Dignity in a Farmer’s Hard Work
21 September 2012
On a lazy and cool weekend afternoon, while sipping tea on the balcony at a highland resort, my gaze chanced upon a farmer hard at work in the fields not too far away. Suddenly, my thoughts were stirred. I had to remind myself that just because I was on a holiday and it was a Sunday did not mean that the world had stopped. Even while I was enjoying my weekend break, there were people toiling away for a living.
I then observed the farmer at work. It was a modestly-sized piece of agricultural land, by almost any standards. However, you could feel that the farmer took pride in her workplace, which very likely also doubled up as her home. It was simple but well-kept, with neat rows cutting across.
She was hunched over her workplace, carefully planting the seedlings one by one—by hand. At intervals of one foot or so, she would make a depression in the soft soil with her knuckles; carefully lay a seedling in place; cover it with soil with one hand while holding the seedling upright with the other again; before giving it a soft pat, as if willing the seedling to grow quickly. Seeing some of the other vegetables that looked almost ready for harvest, I wondered how many months it would take before those seedlings she was planting in the soil would grow to be like them.
In the half hour that it took me to enjoy my pot of tea, I had noticed that she had barely moved a few metres down the line. However, despite the apparent disparity between amount of work done and her progress, she maintained a quiet air of dignity, exuding patience and persistence. Slowly but surely, in a slow but graceful rhythm, she was entrusting the soil with young lives, one at a time, that would also be her sustenance in the months to come.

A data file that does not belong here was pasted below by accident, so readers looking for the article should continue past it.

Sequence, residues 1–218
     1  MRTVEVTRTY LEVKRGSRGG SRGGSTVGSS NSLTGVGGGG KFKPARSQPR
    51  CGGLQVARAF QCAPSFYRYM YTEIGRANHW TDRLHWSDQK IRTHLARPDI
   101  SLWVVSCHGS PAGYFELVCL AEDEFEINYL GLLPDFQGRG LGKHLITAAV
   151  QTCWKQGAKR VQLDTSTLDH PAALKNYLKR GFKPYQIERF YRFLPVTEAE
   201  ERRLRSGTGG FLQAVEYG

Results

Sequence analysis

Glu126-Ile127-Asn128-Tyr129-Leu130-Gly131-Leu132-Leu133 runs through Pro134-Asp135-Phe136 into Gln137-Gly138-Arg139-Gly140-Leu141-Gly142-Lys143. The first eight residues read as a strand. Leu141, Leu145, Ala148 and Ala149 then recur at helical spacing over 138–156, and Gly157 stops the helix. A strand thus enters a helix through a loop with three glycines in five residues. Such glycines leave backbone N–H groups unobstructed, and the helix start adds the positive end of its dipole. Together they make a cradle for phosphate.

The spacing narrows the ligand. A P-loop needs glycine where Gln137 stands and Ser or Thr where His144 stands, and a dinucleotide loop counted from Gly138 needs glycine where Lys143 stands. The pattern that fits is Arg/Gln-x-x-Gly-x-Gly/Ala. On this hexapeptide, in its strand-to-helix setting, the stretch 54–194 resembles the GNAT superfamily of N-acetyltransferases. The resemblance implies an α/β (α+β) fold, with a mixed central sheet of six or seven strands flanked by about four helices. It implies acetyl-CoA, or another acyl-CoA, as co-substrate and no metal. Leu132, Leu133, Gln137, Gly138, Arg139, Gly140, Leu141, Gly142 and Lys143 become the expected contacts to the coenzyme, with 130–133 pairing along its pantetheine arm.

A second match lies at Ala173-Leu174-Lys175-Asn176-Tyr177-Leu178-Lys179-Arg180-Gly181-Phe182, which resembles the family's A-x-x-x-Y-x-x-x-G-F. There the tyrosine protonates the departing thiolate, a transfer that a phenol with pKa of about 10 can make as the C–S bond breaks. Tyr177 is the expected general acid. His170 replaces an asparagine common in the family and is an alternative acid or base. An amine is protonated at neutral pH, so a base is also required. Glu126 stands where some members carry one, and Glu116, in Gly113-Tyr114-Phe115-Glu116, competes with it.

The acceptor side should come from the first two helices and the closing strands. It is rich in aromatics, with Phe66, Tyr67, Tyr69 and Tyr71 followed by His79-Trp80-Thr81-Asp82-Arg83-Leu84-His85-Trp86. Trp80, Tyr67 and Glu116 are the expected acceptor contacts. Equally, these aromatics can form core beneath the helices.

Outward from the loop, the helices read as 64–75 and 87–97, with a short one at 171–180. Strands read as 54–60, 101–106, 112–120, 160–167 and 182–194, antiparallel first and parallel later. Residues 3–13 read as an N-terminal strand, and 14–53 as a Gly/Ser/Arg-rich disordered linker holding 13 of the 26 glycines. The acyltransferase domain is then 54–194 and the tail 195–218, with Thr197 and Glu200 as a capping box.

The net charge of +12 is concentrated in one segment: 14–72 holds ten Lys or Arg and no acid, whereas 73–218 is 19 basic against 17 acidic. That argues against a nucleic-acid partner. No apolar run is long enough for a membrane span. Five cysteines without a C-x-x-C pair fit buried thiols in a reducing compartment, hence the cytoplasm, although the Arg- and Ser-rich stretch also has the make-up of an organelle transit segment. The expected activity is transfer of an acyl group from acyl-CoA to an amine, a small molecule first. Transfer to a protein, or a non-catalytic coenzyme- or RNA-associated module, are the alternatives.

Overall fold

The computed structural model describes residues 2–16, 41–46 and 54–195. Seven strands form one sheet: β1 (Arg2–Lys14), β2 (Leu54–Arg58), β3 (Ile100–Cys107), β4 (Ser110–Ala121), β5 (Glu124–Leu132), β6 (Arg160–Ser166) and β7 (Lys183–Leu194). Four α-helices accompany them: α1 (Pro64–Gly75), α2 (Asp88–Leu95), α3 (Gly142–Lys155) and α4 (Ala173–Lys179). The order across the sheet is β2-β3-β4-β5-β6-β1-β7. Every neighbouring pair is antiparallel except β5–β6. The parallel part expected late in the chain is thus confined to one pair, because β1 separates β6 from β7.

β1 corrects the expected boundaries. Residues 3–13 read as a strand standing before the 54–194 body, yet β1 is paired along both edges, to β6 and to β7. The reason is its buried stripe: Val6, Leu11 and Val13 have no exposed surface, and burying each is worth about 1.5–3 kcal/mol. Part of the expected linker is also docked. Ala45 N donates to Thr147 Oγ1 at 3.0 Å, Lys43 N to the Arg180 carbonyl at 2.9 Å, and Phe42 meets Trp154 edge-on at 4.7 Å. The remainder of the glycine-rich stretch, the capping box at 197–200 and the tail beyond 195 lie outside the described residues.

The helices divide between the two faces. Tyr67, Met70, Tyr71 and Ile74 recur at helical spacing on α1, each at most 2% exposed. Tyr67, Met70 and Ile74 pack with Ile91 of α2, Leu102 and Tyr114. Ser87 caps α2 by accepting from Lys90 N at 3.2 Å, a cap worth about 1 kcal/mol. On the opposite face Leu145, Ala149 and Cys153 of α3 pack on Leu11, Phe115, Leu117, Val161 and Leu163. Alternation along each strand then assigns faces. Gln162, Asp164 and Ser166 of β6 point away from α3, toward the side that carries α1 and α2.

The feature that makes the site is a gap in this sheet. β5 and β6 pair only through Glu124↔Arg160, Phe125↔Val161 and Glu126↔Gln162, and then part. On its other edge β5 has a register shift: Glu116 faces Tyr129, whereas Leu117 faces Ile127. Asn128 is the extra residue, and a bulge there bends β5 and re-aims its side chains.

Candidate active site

In that half hour, I developed an indescribable respect for the unnamed farmer. I had not had the chance to speak with her. I did not even get a chance to see her face, because she was constantly looking down at the ground with her face obscured by her over-sized straw hat. However, I somehow just felt a sense of admiration and gratitude for her.
During dinner that night, when I was enjoying the vegetables that were served on the table, I remembered the farmer. This humble-looking piece of vegetable I on my plate represented months of tireless and sometimes frustratingly thankless efforts of many like her, investing countless hours hunched in the fields, braving the elements. I made a silent promise to the farmer that I would be more appreciative of her efforts in future, and to say a silent word of thanks each time I took my meals, whether in a posh restaurant or at a humble street stall.
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Wonderful piece of lecture. I am impressed with the sensitivity of the author.